WTF Fun Fact 12611 – The Ancient Origins Of the Loch Ness Monster

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Perhaps the modern version of the Loch Ness Monster legend began on May 2, 1933, but that was long after the first sighting of a beast that lived in the Lochs of Ness had been “sighted.” In the early 20th century, a couple told the Inverness Courier about seeing “an enormous animal rolling and plunging on the surface.” The journalist chose to use the word “monster,” and a new chapter in the legend was born.

Once the London newspapers heard about it, it would be a tabloid story for decades to come. Thousands of people would not only try to see the beast but collect rewards from circuses and the like to capture it.

We don’t believe in the Monster, but do you want to know another fun fact? The loch sits on an enormous ancient fault line. So feel free to rile up the believers by telling them the creature could have come from the center of the earth. They love that stuff!

Anyway, the oldest sighting we know about comes from historical accounts dating all the way back to August 22, 564. An Irish priest, who would later become known as St. Columba, reported seeing an animal in the water while visiting Loch Ness, Scotland. In fact, he not only saw it, but he also claimed it tried to eat one of his servants. Luckily, he was able to command it through some sort of priestly superpower to find a snack elsewhere.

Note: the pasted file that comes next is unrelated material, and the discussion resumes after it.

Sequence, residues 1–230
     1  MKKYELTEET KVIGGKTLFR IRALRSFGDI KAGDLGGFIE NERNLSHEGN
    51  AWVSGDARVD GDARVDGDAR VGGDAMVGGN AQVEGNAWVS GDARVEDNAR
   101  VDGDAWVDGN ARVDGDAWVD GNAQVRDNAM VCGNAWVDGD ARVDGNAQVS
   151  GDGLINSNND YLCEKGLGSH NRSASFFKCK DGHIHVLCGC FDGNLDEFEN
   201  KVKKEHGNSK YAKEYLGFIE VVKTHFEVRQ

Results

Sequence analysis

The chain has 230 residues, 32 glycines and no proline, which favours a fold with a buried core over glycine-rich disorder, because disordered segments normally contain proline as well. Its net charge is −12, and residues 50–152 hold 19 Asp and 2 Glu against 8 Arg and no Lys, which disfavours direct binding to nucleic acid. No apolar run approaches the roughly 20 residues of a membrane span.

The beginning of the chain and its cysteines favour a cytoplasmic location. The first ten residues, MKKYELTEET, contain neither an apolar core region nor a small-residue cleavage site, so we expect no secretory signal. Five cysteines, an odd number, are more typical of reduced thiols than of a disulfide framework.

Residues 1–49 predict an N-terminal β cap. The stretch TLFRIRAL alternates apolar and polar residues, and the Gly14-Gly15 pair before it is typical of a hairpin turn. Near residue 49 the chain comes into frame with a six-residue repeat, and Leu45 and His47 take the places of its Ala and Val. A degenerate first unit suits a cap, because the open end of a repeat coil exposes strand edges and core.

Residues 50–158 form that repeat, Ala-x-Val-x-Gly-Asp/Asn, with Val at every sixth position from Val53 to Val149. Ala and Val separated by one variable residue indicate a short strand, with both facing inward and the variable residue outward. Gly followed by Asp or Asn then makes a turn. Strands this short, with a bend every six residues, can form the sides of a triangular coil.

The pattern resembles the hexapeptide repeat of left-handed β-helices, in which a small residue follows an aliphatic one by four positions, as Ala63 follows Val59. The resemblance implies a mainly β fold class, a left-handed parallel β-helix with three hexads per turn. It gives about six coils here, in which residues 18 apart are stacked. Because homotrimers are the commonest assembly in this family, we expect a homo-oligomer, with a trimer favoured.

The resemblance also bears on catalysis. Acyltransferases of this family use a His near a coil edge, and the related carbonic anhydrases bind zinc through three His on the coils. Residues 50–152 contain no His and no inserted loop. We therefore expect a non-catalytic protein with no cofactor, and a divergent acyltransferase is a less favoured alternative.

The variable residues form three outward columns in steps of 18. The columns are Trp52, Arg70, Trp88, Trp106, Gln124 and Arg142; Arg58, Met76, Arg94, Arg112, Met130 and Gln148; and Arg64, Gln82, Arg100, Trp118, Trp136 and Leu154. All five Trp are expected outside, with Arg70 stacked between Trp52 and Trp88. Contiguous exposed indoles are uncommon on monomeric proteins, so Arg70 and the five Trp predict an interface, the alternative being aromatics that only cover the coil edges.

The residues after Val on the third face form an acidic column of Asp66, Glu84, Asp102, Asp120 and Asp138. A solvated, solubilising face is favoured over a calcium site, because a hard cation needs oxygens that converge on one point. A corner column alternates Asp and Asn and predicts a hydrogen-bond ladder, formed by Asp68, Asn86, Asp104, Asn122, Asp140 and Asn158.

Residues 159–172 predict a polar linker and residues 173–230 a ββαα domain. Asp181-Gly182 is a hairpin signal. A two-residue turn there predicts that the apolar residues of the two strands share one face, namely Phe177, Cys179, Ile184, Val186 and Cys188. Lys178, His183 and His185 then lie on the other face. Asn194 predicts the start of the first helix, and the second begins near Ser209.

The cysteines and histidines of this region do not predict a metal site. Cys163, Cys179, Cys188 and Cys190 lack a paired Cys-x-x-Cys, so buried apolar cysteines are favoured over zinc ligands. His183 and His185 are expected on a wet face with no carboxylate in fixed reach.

Today, the Loch Ness Monster is one of many cryptids (animals whose existence has never been proven). While it’s neither a profitable profession nor an actual science, those interested in this phenomenon can become cryptozoologists!

According to National Geographic: “Besides the Loch Ness Monster, other lake cryptids include Champ (in Lake Champlain, the United States, and Canada); Issi (in Lake Ikeda, Japan); and the Lagarfljot Worm (in Lagarfljot Lake, Iceland). Other cryptids include chupacabras, blood-sucking creatures that threaten livestock throughout Latin America; bunyips, which lurk in Australia’s swamps; dingoneks, “jungle walruses” found in lakes and rivers in central Africa; and, of course, Bigfoot, who stalks old-growth forests of the Pacific Northwest.”

Enthusiasm over the Loch Ness Monster has dampened in recent years partly because of the decline of the ridiculous tabloids that used to tout their existence in the check-out aisle of the grocery store. But we think it’s also probably because so many of the photos people submitted as proof of its existence have been proven fake. – WTF fun facts

Source: “Aug 22, 564 CE: Loch Ness Monster Sighted” — National Geographic



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